So here we had little D ripping her hair out a couple feet away from me (22 year old too-young-to-properly-raise-a-kid mommy according to bystanders) and me pretending to check my cell phone. One man point-blank stared me down with disgust. It killed me. I wanted to break down and just bawl at that moment. I wanted to scream at him, "Do you have any idea how hard I work?! Do you have any idea how difficult it is to do this?! This is the last thing I want to have happening! I want to stop her from doing what she is doing right now, but I can't, it will only make things worse in the long run!" I wanted to explain myself. Instead I calmly said, "she has autism, please do not stare."
The worst thing is, even telling him that was an explanation he didn't deserve. I don't think D wants me telling every gawker that decides to stop and rubberneck her personal struggles. It isn't any of his business, and I should know well enough that it doesn't matter what he thinks. I can't help this urge to want so desperately to be understood. To have people know my story and realize I am a good mommy. That I give everything I've got to my little girl and more.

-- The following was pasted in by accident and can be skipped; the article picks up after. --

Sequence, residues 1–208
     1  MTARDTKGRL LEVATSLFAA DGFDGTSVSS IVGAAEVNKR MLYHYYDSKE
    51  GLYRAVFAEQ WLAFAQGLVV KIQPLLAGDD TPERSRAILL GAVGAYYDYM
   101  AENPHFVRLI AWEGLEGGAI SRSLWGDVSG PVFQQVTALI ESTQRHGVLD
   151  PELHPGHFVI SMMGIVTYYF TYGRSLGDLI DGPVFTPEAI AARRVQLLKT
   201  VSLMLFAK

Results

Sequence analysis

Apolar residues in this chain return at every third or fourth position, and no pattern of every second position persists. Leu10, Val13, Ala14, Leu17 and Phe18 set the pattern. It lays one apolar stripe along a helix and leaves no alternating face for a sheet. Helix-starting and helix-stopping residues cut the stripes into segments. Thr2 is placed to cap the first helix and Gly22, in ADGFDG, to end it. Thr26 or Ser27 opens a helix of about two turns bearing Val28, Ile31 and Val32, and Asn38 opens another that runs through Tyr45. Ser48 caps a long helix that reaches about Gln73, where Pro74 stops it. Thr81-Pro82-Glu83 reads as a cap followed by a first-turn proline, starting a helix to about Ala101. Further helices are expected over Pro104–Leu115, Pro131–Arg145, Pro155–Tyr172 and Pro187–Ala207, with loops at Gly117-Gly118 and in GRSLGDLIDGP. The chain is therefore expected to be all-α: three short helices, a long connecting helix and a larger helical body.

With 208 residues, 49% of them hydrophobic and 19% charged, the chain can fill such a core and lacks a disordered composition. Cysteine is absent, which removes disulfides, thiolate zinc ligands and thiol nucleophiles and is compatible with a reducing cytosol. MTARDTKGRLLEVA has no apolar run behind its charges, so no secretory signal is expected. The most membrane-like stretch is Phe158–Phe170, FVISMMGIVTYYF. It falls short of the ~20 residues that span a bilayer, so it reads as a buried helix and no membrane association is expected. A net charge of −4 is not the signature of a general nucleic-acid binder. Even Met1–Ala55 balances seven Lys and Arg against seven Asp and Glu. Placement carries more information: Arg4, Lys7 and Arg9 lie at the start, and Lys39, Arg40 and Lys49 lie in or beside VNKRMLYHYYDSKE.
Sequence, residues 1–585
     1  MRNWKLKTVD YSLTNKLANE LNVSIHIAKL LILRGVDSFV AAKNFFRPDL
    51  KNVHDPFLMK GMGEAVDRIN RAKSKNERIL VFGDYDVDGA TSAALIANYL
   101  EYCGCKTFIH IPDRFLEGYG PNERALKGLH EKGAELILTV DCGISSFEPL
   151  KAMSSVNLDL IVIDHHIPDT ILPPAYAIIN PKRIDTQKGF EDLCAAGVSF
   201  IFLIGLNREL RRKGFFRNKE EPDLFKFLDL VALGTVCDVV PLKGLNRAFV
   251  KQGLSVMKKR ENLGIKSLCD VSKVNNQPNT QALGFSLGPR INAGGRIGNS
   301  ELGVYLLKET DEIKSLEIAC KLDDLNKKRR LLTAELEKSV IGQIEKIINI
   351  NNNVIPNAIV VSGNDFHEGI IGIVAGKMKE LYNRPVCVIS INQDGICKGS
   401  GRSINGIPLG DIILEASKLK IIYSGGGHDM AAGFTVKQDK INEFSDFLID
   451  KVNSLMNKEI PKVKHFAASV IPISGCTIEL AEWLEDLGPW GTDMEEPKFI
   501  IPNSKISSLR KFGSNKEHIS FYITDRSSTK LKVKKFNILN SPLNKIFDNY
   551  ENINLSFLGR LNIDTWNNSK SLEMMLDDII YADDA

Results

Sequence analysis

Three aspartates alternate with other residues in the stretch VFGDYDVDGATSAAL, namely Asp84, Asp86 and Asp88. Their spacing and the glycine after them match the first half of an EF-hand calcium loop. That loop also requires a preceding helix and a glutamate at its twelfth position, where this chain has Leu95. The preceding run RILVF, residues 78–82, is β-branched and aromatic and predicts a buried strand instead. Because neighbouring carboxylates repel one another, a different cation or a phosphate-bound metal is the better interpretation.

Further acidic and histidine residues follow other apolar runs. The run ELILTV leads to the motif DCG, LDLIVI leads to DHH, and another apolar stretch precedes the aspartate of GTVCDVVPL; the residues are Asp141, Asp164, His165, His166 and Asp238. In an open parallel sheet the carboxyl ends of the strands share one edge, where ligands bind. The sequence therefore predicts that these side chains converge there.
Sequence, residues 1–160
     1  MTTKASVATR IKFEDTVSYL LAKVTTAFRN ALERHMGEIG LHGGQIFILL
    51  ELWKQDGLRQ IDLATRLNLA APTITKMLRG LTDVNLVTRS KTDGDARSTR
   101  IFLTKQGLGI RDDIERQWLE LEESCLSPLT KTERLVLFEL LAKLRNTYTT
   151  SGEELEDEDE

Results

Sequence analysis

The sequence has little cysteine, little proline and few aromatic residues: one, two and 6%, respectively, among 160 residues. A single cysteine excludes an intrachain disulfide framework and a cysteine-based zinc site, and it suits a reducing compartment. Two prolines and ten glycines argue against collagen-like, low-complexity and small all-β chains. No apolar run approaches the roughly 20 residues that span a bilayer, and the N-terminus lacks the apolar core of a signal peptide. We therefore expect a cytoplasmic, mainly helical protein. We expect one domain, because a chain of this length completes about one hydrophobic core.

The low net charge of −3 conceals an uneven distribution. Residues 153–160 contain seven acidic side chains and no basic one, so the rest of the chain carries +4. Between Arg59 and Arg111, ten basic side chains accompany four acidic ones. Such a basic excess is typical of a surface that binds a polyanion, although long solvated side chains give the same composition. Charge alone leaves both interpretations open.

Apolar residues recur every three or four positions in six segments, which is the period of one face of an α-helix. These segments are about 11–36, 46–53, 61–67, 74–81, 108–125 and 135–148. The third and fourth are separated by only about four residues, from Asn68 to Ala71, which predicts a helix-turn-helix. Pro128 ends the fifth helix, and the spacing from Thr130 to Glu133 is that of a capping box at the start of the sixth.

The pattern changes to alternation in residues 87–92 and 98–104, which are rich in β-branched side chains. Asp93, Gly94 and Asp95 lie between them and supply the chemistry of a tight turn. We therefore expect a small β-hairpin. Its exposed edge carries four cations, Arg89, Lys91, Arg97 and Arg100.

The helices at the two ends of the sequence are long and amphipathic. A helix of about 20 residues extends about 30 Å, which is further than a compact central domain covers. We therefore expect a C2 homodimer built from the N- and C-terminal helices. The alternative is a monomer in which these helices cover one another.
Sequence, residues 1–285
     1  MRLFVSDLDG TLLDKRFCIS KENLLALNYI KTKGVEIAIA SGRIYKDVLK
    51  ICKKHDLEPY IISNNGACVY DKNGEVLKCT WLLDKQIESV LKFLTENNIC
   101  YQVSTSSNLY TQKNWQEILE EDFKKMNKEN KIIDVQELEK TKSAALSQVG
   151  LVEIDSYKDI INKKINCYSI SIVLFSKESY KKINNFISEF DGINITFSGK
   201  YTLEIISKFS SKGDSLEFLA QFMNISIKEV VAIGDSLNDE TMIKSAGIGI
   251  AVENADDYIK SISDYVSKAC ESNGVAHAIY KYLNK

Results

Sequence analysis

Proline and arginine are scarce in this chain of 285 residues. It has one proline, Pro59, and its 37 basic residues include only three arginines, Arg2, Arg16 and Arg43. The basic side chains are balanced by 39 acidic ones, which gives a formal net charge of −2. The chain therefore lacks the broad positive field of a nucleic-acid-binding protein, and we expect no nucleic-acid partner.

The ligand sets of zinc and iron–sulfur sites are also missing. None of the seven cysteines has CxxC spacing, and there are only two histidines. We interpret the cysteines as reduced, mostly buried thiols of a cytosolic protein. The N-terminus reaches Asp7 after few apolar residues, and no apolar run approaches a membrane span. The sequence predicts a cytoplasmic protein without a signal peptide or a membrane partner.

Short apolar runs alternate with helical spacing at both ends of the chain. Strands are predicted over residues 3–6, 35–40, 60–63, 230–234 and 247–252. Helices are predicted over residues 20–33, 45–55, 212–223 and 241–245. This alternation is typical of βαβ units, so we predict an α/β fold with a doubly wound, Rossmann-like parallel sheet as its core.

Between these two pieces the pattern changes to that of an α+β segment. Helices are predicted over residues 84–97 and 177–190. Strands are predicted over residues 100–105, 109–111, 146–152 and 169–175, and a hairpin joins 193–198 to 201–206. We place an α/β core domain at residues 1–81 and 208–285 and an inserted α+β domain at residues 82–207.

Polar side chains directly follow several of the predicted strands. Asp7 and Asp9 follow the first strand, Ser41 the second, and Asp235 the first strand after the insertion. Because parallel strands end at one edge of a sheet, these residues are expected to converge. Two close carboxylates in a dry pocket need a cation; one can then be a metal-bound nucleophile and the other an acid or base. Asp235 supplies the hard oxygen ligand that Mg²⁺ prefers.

Life for some reason is teaching me that I don't need the validation of strangers, as desperately as I may want it. That I know the truth and that is enough. That those people who are staring and judging and hating, just aren't playing with all the facts. That I should just let it go.
I don't know how long it will take for these moments to stop hurting me. I do know that I will have plenty of opportunities to learn to let it roll off my back. I hope it happens sooner rather than later. It is so hard to not feel so incredibly pained by these people and their lack of understanding. I can only looked towards the future and pray for thicker skin to show up soon.
Luckily I have a husband who is the yin to my yang. He doesn't struggle in the areas I struggle and vice versa. It helps a lot to have him there saying "so what?!" and laughing it off. I know I help him too in my own ways, but I admire him especially in this regard and can only hope to achieve this ability.
Until then, if there are people out there who judge parents like me, please do your part and think for one second, "maybe I don't have the whole picture here" instead of passing such hateful energy onto to our already overloaded pile of stress. I'll be working on learning to not care what you think anyway.
I'll end with this quote: "Is it so bad, then, to be misunderstood? Pythagoras was misunderstood, and Socrates, and Jesus, and Luther, and Copernicus, and Galileo, and Newton, and every pure and wise spirit that ever took flesh. To be great is to be misunderstood.” -Ralph Waldo Emerson